The size of the rearing house depends upon the quantum and type of rearing The different types of rearing are shelf or stand rearing, platform rearing and floor rearing Shelf rearing also requires minimum space and is most common in India. A floor area of 150 sft. can provide rearing space for 100 Cross bred(CB) DFLs or 75 Bivoltine(BV) DFLs.
In platform rearing, the larvae are also shifted to shoot rearing platforms after 3rd moult. Ideal size of each platform will be 5 x 25 ft. which can accommodate 50 DFLs upto the stage of spinning Platforms can also be arranged in two/ three tiers with a gap of 2-3 ft. A building floor area of 250-300 sft is required to rear 100 DFLs of CB layings or 75 DFLs of BV layings.
- Construct rearing house of 50 feet x 20 feet x10 feet size on an elevated and shady place to accommodate 200-250 dfls.
- Provide 3 feet verandah surrounding the rearing house.
- Provide sufficient windows and ventilators for free circulation of air inside the rearing house.
- Cover the windows and ventilators with nylon net to restrict the entry of uzi flies.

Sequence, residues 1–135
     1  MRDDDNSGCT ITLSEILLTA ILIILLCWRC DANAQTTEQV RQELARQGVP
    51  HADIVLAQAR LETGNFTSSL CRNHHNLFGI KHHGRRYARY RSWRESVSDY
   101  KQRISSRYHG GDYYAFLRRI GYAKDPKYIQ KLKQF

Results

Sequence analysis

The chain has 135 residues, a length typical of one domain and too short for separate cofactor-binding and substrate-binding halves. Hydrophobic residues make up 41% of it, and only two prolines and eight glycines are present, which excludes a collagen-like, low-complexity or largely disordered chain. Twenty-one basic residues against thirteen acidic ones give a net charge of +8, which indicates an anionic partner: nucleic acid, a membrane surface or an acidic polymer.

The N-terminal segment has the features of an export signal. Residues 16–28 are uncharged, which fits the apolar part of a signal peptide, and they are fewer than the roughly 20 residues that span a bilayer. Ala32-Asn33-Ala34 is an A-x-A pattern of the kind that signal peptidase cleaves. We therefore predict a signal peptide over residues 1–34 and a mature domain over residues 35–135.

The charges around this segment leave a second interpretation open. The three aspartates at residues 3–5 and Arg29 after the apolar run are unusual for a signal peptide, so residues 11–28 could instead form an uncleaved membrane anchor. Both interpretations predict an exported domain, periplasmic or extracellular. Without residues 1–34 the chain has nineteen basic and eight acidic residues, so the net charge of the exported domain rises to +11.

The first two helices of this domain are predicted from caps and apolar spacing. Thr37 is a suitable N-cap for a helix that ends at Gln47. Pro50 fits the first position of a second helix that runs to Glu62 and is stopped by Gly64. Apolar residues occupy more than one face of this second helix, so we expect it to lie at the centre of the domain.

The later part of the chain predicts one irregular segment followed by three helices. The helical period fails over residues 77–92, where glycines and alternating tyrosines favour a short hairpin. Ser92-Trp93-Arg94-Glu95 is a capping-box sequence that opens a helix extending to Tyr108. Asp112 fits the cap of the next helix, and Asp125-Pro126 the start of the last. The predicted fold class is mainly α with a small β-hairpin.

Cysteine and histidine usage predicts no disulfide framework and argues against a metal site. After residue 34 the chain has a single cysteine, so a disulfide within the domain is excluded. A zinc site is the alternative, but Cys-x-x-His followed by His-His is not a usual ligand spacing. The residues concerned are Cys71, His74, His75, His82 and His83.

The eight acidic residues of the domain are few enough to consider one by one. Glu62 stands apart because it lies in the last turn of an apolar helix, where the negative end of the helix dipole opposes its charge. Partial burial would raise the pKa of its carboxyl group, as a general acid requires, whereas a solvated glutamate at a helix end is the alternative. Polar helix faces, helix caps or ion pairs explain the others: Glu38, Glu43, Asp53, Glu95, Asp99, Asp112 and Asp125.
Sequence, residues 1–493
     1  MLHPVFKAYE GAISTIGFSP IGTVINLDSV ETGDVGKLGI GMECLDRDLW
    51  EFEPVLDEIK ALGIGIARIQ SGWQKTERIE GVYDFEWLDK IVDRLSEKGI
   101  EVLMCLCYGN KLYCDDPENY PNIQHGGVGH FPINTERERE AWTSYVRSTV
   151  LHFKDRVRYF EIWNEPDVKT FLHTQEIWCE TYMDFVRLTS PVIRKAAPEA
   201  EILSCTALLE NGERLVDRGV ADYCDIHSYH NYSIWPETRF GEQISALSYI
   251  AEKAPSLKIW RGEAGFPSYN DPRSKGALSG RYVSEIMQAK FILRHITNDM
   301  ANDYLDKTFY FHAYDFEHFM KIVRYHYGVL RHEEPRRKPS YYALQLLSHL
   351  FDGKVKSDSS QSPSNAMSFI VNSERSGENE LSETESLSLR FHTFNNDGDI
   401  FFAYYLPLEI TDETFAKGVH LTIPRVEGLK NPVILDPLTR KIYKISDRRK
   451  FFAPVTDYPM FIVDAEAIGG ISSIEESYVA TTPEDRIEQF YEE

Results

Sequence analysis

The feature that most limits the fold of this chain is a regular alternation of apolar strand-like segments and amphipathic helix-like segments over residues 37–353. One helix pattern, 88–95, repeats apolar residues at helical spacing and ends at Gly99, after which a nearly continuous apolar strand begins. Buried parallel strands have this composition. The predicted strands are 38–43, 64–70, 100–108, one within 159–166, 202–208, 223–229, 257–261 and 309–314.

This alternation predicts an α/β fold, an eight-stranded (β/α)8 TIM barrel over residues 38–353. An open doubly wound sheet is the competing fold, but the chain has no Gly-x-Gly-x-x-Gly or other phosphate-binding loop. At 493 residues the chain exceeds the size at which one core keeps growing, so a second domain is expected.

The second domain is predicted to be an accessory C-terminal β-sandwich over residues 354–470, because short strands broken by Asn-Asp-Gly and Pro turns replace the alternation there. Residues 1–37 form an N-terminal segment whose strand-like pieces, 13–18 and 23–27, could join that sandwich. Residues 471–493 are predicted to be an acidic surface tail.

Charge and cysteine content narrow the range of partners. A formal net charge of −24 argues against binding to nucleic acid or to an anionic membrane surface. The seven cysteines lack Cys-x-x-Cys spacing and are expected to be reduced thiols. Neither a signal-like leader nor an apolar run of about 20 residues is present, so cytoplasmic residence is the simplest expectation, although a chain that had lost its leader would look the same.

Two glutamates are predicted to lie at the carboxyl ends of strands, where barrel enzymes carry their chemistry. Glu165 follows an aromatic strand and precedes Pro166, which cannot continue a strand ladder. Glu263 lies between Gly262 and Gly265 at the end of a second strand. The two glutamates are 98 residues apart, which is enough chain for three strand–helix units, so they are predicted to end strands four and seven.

Silkworm Farming – Diseases and pests of mulberry silkworm
Causative agent: Bombyx mori Nuclear Polyhedrosis Virus
Occurrence: The disease prevails all through the year but its severity is more during Summer and Rainy seasons.
Source of infection: Silkworm ge
ts infected when it feed on contaminated mulberry leaves. The milky white fluid released by the grasserie larvae, contaminated silkworm rearing house and appliances are the sources of infection.
Predisposing factors: High temperature, low humidity and poor quality mulberry leaves.
Silkworm Farming – Symptoms:
- The skin of infected larvae becomes shining before moult and fails to moult.
- Inter segmental swelling appears and the colour of the body becomes yellowish.
- The infected larvae move restlessly in the rearing bed/ along the rim of the trays.